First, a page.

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Joshua States

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Everything posted by Joshua States

  1. I will never get over how cool and unique your random patterns are! That's lovely.
  2. That one came out great. You should be very proud of that one. When I took a class on the leather wrapped handle, we were told the top edge was not made straight. It was purposely jagged and very thin. Adding the dye makes it disappear.
  3. Frank Christensen turned me on to these at a demo in Camp Verde a while back and I bought a pair of them. I finally got some forge time and tried them out. Far better than heavy leather gloves. Highly recommendable.
  4. I took some time on Wednesday for some forge therapy and added a few buttons and folds for more consolidation. Here is the process I developed. Cut the bar in preparation for folding and place a button on the bar. When it starts to melt, remove from the fire, smear with a piece of cold mild, and fold. Weld it. Draw out, and repeat as desired. I think I've added about 3 or 4 more buttons.. I decided to try a little manipulation and forged it on the bias. Then I reflattend it and let it cool.
  5. Time for a little thread necromancy. Life has been really hectic lately and there hasn't been much shop time other than this complex commission I've been working on. Work has been rediculously crazy and I needed some forge therapy. So, I grabbed a hunk of this and went to town. The starting hunk. This has asome voids and pockets that need to be closed up with forge welding. It gets drawn out into a bar about 1 inch thick and 1.5 inches wide. This I hot cut and fold in three. Weld, draw out and normalize. Then
  6. Follow Jeroen's advice on profile and typology. I'm no expert on the form, but my memory is these are fairly narrow fullers. My own experience has been to grind fullers in after full profile and HT. I have done this with a rotary tool and a little guide I rigged up. You can see the technique here on page 2.
  7. I think you might have shown the other two back when you originally cast and finished them. This one looks great. Must feel good to have completed that.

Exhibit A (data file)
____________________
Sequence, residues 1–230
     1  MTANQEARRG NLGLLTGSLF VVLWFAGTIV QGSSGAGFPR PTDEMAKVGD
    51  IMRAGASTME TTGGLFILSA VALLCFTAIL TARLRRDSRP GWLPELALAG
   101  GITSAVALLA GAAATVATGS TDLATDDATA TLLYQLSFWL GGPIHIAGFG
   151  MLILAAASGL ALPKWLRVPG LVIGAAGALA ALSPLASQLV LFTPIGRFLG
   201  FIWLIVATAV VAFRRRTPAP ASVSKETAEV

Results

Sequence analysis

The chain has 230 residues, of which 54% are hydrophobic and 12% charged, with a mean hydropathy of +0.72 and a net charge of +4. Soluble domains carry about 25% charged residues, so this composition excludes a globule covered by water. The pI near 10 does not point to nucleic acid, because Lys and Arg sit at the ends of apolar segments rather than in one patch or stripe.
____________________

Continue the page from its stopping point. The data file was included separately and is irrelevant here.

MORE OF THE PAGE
8. I use electro etching. Deep & crisp marks.
  9. Getting there slowly. This has been a very challenging project.
  10. The iron is also contributing to the sparks. High iron and some carbon are both required.
  11. This is why experienced smiths will go on about choosing the right steel for the application. My guess is you are using a piece of steel that is simply not suitable for the intended use. If the striker steel has the right composition, hardening shouldn't be the thing that really makes it work. What does matter is mostly the iron and partially the carbon contents. None of us can say for certain what that coil spring is, and what the composition is. Choose a different piece of steel. Preferably one that is a simple steel with carbon content at or above .7% and you should have a rocking fire stee
  12. Speaking from experience, an ice-climbing/mountaineering axe is nothing like a hatchet, and when i think "close combat axe" one of Alan's tomahawks comes to mind. There is the Shepard's axe, which is sort of a utilitarian tool used for hiking staff, mountaineering axe, and general self defense weapon and sheep smacking implement. J A Loose is making a few of these as of late. Not a full tang design though
  13. I have a septic system. If there's fish in there, I don't wanna know about it.
  14. For disposal, can we just flush this stuff down the toilet?
  15. I've been following a couple of these projects. Some very cool ideas. I like this one Matt, nice work.
  16. Very nice work Alan. Always a pleasure to watch this happen.
  17. For some strange reason, I just got the idea to redo the "Four Yorkshiremen" sketch as "Four Archeologists".
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